Journey to the South Western Corner of The UAE

Mike Nott, author of Advanced Off-Road Adventure Routes UAE & Oman, kindly included a couple of routes of mine in the second edition of the book.  Here is the story of the original recce trip for one of them which was originally printed in OutdoorUAE magazine back in January 2014.  Most of the photos are by Vicky Zavros who has her own wonderful blog – Travels In The Middle East and Beyond.


Think of Liwa and most people imagine huge dunes, massive slipfaces and sabkhas peppered with oilfields and other restricted areas.  However the other face of the Liwa is remoteness, dark skies with no light pollution, and the chance to do some really long and varied driving.

It was time to explore the most distant part of the Liwa desert – the southern part of the Magrib Sands, and I was lucky to have a sterling team comprising Mark, Andrew and Andy to support me on this scouting trip into the unknown.

Arriving late on a Thursday afternoon, we camped near the Ghayathi Road, which incidentally has to be the quietest dual carriageway in the Emirates, ready to make an early start in the morning.  The planned route took us eastwards to hit two plantations in Mike Nott’s “Adventure Routes” book, then south and east to the “corner” of the UAE before returning to the Ghayathi Road a little north of our start point.

The straight line distance was around 170kms and all cars carried 40 litres of extra petrol – the area is so remote drivers have to be completely self-sufficient.


The four cars made easy work of the smooth medium dunes between the road and the first plantation, which is tucked into a bowl under a huge crescent slipface.  Pausing briefly we said hello to the farm workers before continuing to the next plantation via a faint sandtrack and after photos we pressed on to our third waypoint which was our cue to turn 90degrees south.

The next part of the route – a long and wide plain, so typical of this area – was a joy to drive.  No need for convoy formation here – in many places the flat sand was so wide our four cars could drive side by side at 80km/h as we moved towards a huge communications mast which was the point where we had to turn 90 degrees east.


Staying mostly 2-3kms north of the border fence – there is a blacktop road runs alongside it but this is to allow the border guard access and civilians should not drive along it – we tackled some short dune line crossings which were interspersed with plains and we were surprised to see some had lots of small plants and bushes covering them. The driving was relatively easy with very few tricky bowls and slipfaces, but the sand was very soft and we had to choose our path carefully to avoid multiple stucks.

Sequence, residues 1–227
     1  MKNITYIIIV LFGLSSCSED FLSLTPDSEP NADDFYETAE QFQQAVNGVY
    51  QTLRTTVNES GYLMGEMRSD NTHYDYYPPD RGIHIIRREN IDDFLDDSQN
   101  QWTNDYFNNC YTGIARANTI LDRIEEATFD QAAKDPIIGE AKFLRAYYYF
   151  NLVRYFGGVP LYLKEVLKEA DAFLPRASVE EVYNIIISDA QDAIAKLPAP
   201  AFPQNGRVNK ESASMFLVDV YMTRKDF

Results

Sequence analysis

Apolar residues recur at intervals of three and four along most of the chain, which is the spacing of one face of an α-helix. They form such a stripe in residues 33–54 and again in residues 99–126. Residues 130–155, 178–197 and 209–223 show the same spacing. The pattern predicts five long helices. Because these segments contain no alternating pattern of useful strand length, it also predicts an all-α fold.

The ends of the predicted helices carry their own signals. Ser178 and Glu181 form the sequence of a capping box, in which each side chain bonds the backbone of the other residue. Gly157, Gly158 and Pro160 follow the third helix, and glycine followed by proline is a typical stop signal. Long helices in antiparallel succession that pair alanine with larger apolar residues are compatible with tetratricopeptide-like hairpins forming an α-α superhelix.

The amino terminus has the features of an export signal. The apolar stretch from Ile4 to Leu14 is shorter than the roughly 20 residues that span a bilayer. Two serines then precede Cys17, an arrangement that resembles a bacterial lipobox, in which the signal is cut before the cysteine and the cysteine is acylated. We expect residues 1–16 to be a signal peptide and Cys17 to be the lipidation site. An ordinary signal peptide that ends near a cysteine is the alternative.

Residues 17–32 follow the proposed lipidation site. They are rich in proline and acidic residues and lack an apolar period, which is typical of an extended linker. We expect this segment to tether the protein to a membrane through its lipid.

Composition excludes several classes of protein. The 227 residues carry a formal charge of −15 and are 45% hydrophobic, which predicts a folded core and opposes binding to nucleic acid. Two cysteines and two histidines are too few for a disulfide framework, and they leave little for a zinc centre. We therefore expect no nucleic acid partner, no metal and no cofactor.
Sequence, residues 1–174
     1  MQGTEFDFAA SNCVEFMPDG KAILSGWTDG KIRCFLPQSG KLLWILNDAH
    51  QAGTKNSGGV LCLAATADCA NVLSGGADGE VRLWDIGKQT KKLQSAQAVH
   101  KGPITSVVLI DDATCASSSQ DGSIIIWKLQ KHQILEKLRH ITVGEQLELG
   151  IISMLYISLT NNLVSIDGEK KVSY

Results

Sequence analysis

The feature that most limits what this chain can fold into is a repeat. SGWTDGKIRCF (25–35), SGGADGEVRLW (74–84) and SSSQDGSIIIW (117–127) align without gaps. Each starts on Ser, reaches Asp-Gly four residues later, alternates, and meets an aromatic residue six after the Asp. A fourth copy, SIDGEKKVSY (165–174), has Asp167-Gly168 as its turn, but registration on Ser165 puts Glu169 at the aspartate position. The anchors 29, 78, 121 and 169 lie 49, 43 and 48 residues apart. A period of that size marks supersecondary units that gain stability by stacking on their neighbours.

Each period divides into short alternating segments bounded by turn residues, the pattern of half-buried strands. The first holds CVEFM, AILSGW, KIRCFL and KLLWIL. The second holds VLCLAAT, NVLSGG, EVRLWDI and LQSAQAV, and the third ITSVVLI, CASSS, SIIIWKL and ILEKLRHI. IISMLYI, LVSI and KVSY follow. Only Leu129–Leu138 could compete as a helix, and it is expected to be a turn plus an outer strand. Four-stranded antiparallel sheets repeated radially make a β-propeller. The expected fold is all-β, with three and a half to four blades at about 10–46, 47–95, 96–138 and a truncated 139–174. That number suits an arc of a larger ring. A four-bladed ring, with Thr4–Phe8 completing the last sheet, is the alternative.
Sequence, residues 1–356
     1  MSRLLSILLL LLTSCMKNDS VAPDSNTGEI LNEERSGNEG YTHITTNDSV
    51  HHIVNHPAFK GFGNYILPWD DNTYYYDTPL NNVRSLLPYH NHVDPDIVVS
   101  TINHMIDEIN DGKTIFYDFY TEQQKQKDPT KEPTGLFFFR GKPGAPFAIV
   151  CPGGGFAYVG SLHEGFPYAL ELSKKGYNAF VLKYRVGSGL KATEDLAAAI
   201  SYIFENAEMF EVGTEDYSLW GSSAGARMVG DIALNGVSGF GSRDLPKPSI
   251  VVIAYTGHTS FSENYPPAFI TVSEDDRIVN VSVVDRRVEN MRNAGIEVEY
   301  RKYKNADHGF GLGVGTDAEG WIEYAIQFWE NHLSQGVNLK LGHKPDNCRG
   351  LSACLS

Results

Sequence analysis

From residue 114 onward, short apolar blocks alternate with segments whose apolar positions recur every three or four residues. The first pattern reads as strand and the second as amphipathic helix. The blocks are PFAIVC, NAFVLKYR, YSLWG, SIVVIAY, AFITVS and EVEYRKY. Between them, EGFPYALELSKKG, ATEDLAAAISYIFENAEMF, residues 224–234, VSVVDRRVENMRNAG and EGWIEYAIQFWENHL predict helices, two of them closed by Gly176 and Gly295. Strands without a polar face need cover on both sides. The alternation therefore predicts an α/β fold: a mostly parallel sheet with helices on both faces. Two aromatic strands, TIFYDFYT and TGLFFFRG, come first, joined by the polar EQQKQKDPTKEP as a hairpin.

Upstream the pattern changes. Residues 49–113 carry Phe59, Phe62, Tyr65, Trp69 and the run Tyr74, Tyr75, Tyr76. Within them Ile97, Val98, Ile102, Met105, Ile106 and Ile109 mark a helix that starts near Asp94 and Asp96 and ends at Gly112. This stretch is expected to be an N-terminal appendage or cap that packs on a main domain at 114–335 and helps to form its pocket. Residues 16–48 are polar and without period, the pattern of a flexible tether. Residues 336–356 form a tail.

We feasted on hot pies for lunch when we stopped approx. 1km from the most south westerly point of the UAE, and wondered when the last people, other than the border guard, had been in this area.  There were no other tyre tracks, no farms, no camels and no rubbish!  Vicky did manage to snap a Houbara Bustard which legged it when it saw our convoy coming!


On the return leg we had a fast and easy drive north with the sun behind us, making the most of some plains to eat up the kilometres as half of our convoy needed to be back on the Ghayathi Road before nightfall.  After stopping at an old water tank, our route took us north past a solar-powered telecoms mast followed by a plantation which has featured as a Desert Challenge waypoint in the past.  From here we continued on a previously unknown sandtrack, thinking we would be back to the blacktop before 4pm, but our hopes were dashed when the track stopped at some very soft, technical white sand dunes.  One thing I’ve learned from my desert forays over the past five years is that white sand is invariably supersoft, whether it be in Oman, Sweihan or Liwa, and we had more refusals and stucks here than we had for the rest of the day.


Thankfully our group managed to forge a path through them which led us to a busy sandtrack and ultimately to the Ghayathi road, just in time to watch the sunset as we re-inflated our tyres.

The aim of the weekend trip was to create a long route at intermediate level, something we had almost achieved on our first day.  Mark and I returned to the desert on Saturday hoping we could find an easy path back to either the plantation or communications mast and we were pleasantly surprised how easy the task was.


We located a major sandtrack south and with one eye on the dunes and the other on the Birdseye Satellite Imagery downloaded onto my Garmin Montana, we managed to turn off on a faint track heading in the correct direction.

There are tracks all over the desert, some incredibly well used, and others very faint; often they are marked every kilometre or so, or at least at dune line crossings by a pole or an old tyre.  This helped us to stay “on track” whilst traversing some short dunelines over to our previous day’s route and it’s good to be aware of this practice should you ever need to leave the desert over an easy route with a broken car.  Generally old tyres aren’t abandoned randomly in the desert – they normally mark something.


Our adventure wasn’t finished yet – we were both desperately low on petrol, in my case so much so that my car was stuttering every time I attempted an incline on the sandtrack.  Mark managed to find an alternative, more level path so I could continue and on the one rise that couldn’t be avoided I took a run at it taking some air below all 4 tyres as I cleared the top.  Moral of the story: if you think you will need 40 litres of spare gas, take 60 just in case!


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